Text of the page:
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T'AI CHI MAGAZINE - September 2013
 

EDITOR'S NOTEBOOK > September 2013
March 2013 | June 2013 | September 2013 | December 2013 |

September 2013 - Editor's Notebook

In martial arts, including Tai Chi Chuan, skill and strength are two of the importantant criteria for success. Skill can maximize strength and strength can maximize skill.
In Tai Chi Chuan skill and strength are cultivated in different ways from many other martial arts. There are the practices of slowness, relaxation and internal energy through repetitions done correctly.
In this issue there are two articles that can help our understanding of these training methods.

Jie Gu, an engineer at General Motors in Detroit, writes about explosive strength and sequential strength in great detail.

Dax Howard of Phoenix, AZ, who has studied Tai Chi in the US and in China writes about the progression of his understanding of softness and strength.

The learning process that occurs when one begins to learn Tai Chi is the key to developing movement and self-defense skills. In part it comes from the teacher but it is mostly achieved through the student's own practice and what he learns from that practice. Over time the student learns how to develop strength, including explosive strength, depending on his or her ability to develop song (relaxation) with integrated strength. A lot of this occurs through trial and error. The teacher can only take the student so far.

Some students feel that the teacher should teach them everything they need to know. This is incorrect. The responsibility always is with the student's effort. Tai Chi is an art and the artist is always learning and creating through his own efforts. A famous teacher from China told me his responsibility was to prevent the student from going off in the wrong direction in his practice.

Everyone comes to Tai Chi with different skills and assets. Some people are naturally very strong. Most are strong without flexibility in the joints. Some people are very relaxed but lack intregrated strength.

These can all be corrected through practice based on Tai Chi's classical writings.

One does not necessarily have to be perfect in one's form practice. One teacher I met was extremely relaxed and very strong when I did push hands with him. It was a case of arms of iron wrapped in cotton.. But his form was not what one would call precise.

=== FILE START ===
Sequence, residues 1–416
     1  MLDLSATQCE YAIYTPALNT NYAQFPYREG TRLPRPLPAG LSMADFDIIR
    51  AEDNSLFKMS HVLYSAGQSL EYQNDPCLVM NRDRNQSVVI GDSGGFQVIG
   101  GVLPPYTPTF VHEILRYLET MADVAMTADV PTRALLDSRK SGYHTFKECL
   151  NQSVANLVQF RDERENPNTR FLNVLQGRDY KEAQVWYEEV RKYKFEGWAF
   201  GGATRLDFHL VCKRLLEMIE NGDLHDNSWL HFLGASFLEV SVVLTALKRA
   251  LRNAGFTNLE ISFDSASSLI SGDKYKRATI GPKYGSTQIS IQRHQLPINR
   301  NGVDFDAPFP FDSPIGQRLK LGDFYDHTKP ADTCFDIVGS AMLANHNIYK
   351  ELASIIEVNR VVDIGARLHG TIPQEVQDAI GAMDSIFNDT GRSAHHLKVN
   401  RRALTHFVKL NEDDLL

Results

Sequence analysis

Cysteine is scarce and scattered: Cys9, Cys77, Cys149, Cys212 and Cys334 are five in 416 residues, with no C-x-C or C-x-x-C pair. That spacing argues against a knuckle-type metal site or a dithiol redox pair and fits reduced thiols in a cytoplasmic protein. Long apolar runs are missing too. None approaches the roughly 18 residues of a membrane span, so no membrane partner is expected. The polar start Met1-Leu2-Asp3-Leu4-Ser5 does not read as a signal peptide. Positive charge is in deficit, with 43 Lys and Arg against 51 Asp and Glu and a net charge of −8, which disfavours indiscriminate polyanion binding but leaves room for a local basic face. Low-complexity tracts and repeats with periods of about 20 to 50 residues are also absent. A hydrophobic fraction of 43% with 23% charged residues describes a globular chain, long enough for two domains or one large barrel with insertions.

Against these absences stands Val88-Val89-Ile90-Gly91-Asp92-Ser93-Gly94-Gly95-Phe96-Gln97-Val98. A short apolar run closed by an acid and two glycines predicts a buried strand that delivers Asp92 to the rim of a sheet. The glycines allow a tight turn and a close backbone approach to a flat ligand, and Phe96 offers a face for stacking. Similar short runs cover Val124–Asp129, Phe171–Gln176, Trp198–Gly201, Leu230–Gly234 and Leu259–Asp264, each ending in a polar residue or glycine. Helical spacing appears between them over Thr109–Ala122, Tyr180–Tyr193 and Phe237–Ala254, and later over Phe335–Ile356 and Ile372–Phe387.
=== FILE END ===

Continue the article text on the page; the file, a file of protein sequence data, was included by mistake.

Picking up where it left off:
In both of the articles by Jie Gu and Dax Howard there is important information to be used in practice.

Karl van Bronkhorst of Woodland, CA, writes about the use of Tai Chi for Post Traumatic Stress. Writing from his own experience as a war veteran, he describes what it is like to experience Post Traumatic Stress and how he found that learning and teaching Tai Chi helped him and others.

It is a moving article that shows how Tai Chi can help a person who has experienced trauma.

Similarly, the article by Michael S. Carey, M.D., describes how people with Parkinson's disease are benefiting from a class he teaches.

Dr. Carey of Winter Haven, FL, studies with Dimitri Mougdis and Dr. Carey teaches a 22-movement form.Tai Chi form and qigong developed by Vincent Chu of Brookline, MA. He reports reduced stress, increased energy and significant improvement in balance and muscle tone.

Just from looking at the photos of the students in the class you can see they are making serious efforts, perhaps more than students from the general public who often are more casual in their efforts.

Dax Howard writes of his difficulty dealing what he feels is the strength of his teacher during push hands and his own inability to make relaxed adjustments.

This is a problem of communication and self understanding. Many teachers can not explain what they do or how they do it. Dax Howard feels he has solved the problem through dealing with a translator and discussion with his teacher. Many aspects of Tai Chi are non verbal. One has to penetrate its secrets by trial and error and only after having reached a non verbal solution can one attempt understand verbally.

Taoist Meditation

Tony Burris, L.Ac., of Boise, ID, who writes about Taoist meditaton has been practicing the healing, spiritual and martial traditions of China for nearly 20 years. This has including training with Taoist masters. He owns Eagle Acupuncture in Boise, ID. His patients have included many professional athletes.

Meditation is not for everyone. But Tai Chi and Chinese martial arts incorporate many aspects of meditation that are helpful in daily life. Although many religions find meditation useful, meditation in itself is not necessarily religious since it is based on experience rather than faith.

Wickmann organizing classes

Jim Wickman of Eugene, OR, was a student of Choy Kam Man of the famous Choy family in San Francisco. In the Spring issue he wrote about how to learn Tai Chi. In this issue, as he nears retirement from teaching, he writes with advice for young but experienced practitioners who might be contemplating teaching.

 
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